Note: The Enter and Execute functions are both used with the Ctrl-A, Enter key sequence, but for different purposes. See INed Editor Functions for the Standard Keyboard for more information.
Enter the following:
The INed editor displays the part of the file where the cursor was located when the file was last stored. This works only if you exited without pressing the F12 key (the Zoom Out function) first. Otherwise, you get the File Manager window with the cursor on the file name it was on when you last exited.
Enter the following:
where File is the name of a file you want to edit.
Enter the following:
e File LineNumber ColumnNumber
where File is the name of a file you want to edit, LineNumber is the line number you want to be the current line, and ColumnNumber is the column where you want the cursor.
The file is displayed with the cursor located where specified.
For example, to go to line 55 of the NYexpenses file, enter:
e NYexpenses 55
To go to the same line of the same file but start in column 25, enter:
e NYexpenses 55 25
Enter the following:
e File LineNumber ColumnNumber Pattern
where File is the name of a file you want to edit, LineNumber is the line number where you want to start searching, ColumnNumber is the column where you want to start searching, and Pattern is a character string or regular expression representing the text for which you want to search.
The file is displayed with the cursor located where Pattern is located.
For example, to go to the NYexpenses file, search from the first character of the file, and begin editing at the first occurrence of the string dinner , enter:
e NYexpenses 0 0 dinner
Press the Ctrl-A, D key sequence (the Exit function).
Usually when you create or revise files, you want to store the latest versions.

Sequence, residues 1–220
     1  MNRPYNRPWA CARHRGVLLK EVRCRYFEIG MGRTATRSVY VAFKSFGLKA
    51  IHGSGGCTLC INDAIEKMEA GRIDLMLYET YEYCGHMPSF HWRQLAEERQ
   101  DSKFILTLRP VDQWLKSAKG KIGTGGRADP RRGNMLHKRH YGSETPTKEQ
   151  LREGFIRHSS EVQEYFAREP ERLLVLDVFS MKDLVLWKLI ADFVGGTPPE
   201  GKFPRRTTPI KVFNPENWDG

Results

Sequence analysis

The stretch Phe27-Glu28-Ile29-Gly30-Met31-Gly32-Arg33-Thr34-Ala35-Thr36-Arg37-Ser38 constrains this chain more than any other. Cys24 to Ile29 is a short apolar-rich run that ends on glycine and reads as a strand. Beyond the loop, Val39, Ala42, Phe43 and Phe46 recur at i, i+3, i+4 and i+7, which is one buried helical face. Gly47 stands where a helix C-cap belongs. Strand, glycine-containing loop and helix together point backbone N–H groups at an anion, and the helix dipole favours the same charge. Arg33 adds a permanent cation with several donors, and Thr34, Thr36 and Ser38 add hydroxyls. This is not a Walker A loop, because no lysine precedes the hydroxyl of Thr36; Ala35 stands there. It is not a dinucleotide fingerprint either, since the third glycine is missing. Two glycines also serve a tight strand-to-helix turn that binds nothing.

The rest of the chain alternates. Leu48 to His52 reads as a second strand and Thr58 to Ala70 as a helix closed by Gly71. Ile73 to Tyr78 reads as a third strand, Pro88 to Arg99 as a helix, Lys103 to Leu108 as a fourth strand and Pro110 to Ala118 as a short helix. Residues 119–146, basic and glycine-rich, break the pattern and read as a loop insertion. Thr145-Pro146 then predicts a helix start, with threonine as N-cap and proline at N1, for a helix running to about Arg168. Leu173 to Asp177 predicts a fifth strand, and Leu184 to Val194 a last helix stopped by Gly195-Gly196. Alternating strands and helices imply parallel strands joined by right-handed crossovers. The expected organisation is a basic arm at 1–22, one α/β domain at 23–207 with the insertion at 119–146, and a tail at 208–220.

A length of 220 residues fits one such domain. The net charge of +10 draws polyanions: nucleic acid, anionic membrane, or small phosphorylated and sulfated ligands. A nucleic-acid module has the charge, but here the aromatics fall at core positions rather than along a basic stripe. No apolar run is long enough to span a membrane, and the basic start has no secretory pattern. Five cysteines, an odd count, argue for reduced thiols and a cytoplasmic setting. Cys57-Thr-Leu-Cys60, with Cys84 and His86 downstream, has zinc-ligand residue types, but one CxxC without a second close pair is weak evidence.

The editor stores the files and returns to the system prompt.
After the files are stored, the editing session ends, and the previous screen is displayed. (If you entered the editor from the system prompt, the system prompt is displayed.)
The next time you use the files, you will see the updated versions, exactly as you stored them.
If no changes were made to the files, the files are not stored.
Note: To save space when storing a text file, the editor may replace multiple blanks at the beginning of lines with tab characters. Some programs cannot process files that contain tab characters. Before you use these programs with INed editor text files, you should run the untab command.
Sometimes when you create or revise a file, you may want to start over and not store anything you just typed.
Attention:When you use this command, the editor does not save any of the changes made to text files during this editing session. However, any changes already saved with the Ctrl-A, S key sequence (the Save function) are retained.
Press the Ctrl-\ key sequence (the Quit function).
The editor attempts to save all files and returns to the system prompt.
INed Editor Overview introduces general concepts about the INed editor, lists the INed editing functions and describes the system guidelines for using the INed editor.
The e command, ghost command, newfile command, rmhist command, untab command in AIX Version 4.3 Commands Reference.
INed Editor Functions for the Standard Keyboard is a table that shows the INed editor command keys on a standard keyboard.
INed Editor Files in AIX Version 4.3 Files Reference contains reference information about the files used by the INed editor.